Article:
Before the Millennium Sapphire was carved into its current form, it was an unnamed dark-blue gemstone discovered in Central Madagascar. From its sheer weight and size (89,850 carats, 17.97 kilograms/40 pounds, 29 cm long, 19 cm wide, 16 cm tall), this Sapphire was destined for greatness from the moment of its discovery.
In 1995, a miner discovered the Sapphire in Madagascar. The exact location of the discovery was, however, undocumented. All that’s known is that it was discovered in Central Madagascar.
Madagascar is an island nation in the Indian Ocean. It is located approximately 400 kilometers off the coast of East Africa.
Deep in the earth’s crust and under immense heat and pressure, oxygen, aluminum, titanium, and iron combined to form the Sapphire. Erosion, continental drift, and other geological forces eventually brought the rough gem to the surface, where the miner unearthed it.
A French mining group operating in Madagascar took an interest in the Sapphire, suspecting that it was valuable. They, therefore, purchased it from the miner at a negotiated price. Next, they packed the stone in a handmade wooden crate and shipped it to Bangkok, Thailand.
Bangkok has traditionally been an important center in the global precious gemstone world. Much of the colored gemstones from around the world end up in Bangkok. That is why most colored gemstone traders, jewelry buyers, and wholesalers have an office or agent in this city.
Customarily, the French miners sold their premium sapphire production from Madagascar through a Bangkok-based American dealer called Jeffery Bergman. Bergman had heard reports about this mammoth-size gemstone, but he was skeptical. When he opened the newspaper-wrapped stone, however, he was enthralled by what he saw.
Now in the hands of Bergman, the Sapphire’s certification journey began. He took it to the Asian Institute of Gemological Sciences for independent laboratory certification. Here, two unforgettable things happened.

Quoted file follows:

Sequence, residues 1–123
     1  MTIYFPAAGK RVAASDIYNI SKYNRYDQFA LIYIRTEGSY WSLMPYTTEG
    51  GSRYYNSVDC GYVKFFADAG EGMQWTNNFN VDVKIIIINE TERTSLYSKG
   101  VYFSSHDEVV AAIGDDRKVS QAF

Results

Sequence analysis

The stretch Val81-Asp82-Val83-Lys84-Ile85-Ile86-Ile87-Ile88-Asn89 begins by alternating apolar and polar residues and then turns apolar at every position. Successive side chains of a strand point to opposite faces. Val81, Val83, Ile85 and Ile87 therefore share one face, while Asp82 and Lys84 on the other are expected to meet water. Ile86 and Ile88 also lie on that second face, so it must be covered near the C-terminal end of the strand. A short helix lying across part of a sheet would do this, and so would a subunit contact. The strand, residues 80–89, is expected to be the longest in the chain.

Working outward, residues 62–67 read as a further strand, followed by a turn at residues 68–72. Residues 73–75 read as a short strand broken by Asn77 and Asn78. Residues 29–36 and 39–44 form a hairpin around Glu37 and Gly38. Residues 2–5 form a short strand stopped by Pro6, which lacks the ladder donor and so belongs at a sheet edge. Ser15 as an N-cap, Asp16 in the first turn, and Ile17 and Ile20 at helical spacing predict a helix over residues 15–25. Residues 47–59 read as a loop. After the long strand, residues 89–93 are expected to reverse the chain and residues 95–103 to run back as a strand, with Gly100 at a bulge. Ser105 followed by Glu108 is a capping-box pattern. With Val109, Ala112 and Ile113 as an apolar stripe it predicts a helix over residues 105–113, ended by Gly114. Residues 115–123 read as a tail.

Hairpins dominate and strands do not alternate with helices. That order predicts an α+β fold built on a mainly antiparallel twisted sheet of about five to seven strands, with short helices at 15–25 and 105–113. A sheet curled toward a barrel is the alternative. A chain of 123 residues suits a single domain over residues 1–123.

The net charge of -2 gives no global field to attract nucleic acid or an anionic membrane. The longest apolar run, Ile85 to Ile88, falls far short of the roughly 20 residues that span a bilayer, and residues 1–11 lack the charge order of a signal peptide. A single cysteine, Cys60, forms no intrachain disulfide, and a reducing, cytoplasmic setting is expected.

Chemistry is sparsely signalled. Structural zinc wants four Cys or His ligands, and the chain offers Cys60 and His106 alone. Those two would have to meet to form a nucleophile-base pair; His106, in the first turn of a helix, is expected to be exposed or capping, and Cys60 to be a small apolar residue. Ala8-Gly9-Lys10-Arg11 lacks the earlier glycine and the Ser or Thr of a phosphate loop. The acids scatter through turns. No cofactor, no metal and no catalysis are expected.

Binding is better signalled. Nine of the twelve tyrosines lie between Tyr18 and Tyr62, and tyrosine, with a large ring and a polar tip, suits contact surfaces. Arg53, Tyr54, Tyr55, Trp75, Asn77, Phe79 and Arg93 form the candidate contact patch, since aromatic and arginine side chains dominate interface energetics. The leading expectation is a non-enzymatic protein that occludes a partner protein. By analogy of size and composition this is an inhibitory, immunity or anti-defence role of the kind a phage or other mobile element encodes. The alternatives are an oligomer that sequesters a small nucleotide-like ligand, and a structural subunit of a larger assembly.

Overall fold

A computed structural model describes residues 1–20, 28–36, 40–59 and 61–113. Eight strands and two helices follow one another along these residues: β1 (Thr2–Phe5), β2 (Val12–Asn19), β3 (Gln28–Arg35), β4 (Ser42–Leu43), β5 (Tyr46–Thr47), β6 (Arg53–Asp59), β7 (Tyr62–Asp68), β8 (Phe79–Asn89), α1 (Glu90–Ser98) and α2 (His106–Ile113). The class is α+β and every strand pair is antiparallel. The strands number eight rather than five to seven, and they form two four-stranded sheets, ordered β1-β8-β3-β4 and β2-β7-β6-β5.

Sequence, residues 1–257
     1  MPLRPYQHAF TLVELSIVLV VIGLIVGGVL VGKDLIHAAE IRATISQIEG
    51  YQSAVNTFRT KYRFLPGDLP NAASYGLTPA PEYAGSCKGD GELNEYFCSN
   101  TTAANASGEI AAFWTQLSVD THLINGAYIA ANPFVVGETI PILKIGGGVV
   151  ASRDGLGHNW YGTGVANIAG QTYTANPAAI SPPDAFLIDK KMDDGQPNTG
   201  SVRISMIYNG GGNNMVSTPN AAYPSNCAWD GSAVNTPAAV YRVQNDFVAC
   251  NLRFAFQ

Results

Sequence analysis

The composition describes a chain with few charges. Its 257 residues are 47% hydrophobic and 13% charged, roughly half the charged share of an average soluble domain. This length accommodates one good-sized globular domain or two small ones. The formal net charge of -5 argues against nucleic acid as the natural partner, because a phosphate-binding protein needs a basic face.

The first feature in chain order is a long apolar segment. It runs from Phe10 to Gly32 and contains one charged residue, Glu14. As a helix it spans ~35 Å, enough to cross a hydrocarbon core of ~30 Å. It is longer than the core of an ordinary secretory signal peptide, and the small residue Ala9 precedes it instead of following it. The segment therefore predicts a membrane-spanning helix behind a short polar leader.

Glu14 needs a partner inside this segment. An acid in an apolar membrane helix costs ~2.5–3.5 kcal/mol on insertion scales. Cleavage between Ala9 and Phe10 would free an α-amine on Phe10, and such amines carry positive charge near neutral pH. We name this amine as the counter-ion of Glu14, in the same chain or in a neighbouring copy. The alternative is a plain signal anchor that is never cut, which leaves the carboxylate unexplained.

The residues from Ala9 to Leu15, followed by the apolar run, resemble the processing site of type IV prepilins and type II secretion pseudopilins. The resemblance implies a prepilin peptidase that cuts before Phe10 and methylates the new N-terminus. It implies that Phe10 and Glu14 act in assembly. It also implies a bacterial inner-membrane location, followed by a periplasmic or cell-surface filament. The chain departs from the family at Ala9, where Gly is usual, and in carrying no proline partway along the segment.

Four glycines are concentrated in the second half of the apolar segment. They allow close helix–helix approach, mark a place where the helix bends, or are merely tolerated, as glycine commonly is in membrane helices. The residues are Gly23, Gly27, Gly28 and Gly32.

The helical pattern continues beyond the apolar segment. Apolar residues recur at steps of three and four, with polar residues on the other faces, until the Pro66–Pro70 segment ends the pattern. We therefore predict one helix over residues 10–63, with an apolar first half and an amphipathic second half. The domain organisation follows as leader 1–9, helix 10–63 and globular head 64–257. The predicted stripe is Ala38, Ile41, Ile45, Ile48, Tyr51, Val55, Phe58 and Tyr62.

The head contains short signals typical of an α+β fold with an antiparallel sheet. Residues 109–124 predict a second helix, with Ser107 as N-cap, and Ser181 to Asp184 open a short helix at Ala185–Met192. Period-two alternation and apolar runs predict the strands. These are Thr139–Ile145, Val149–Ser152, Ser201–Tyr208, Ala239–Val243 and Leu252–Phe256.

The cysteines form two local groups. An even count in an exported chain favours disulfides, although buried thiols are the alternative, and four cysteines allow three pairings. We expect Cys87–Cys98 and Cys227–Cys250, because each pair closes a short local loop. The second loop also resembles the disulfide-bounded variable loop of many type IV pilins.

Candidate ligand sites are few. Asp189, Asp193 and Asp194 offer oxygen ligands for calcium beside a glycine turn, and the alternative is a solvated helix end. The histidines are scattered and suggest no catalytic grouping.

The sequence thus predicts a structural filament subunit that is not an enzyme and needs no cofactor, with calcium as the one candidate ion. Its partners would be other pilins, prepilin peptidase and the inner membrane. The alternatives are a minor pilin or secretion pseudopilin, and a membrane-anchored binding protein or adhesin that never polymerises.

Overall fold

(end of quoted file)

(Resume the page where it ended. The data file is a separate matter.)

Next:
- The giant gemstone could not fit through the lab’s usual security reception for gemstones that were being presented for identification.
- Bergman carried the Sapphire through a side door stunning every lab staff that saw it. One gemologist stopped dead in his tracks wide-eyed and asked, “Is that a sapphire?”
Bergman also took the Sapphire to the Gubelin Gemological Laboratory, Lucerne, Switzerland. Christian Dunaigre, who worked with the lab commented:
“It’s overwhelming. At first, I met the news with disbelief. I had problems believing it actually existed. It’s the biggest I have ever seen — the size is exceptional.”
Upon completing the gemological testing, the lab released a Gemstone Identification Report that concluded the gemstone is a natural sapphire.
Publicity and New Ownership
Bergman contacted Reuters to share the independent results of the tests with the rest of the world. The Reuters story rocked the world of precious gems, and other media outlets like USA Today, CNN, NBC and The Bangkok Post picked up the story within a few days.
Bergman then traveled to London to obtain European expertise on the gem. Marcus McCallum, a gemologist at the Gemological Association of Great Britain wrote:
“This crystal is the largest single piece of gem-quality sapphire that I know of, and it is very rare to see such a large piece of such good color.”
Now that the Sapphire was popular and certified, Bergman started arranging an auction on behalf of the French miners. As luck would have it, the 1997 Asian Financial Crisis originated in Thailand and buyers who were once liquid vanished from the market as the Thai banks that funded them were insolvent. The French miners who had brought the stone to Bergman wanted to secure capital to scale their operations in Madagascar. Consequently, Bergman reached out to an American gem buyer, Daniel McKinney who happened to be liquid at the time.
Mr. McKinney was the founder of the Hong Kong Gem & Jewelry Show who had formed the vertically integrated jewelry company Wyndmere with his mentor John Connally who served as the former US Treasury Secretary and Governor of Texas.
Mr. McKinney was inspired by the Sapphire and put together a consortium of investors within a few months to purchase the gemstone. The Sapphire acquired new owners, and the Millennium Sapphire Project was born.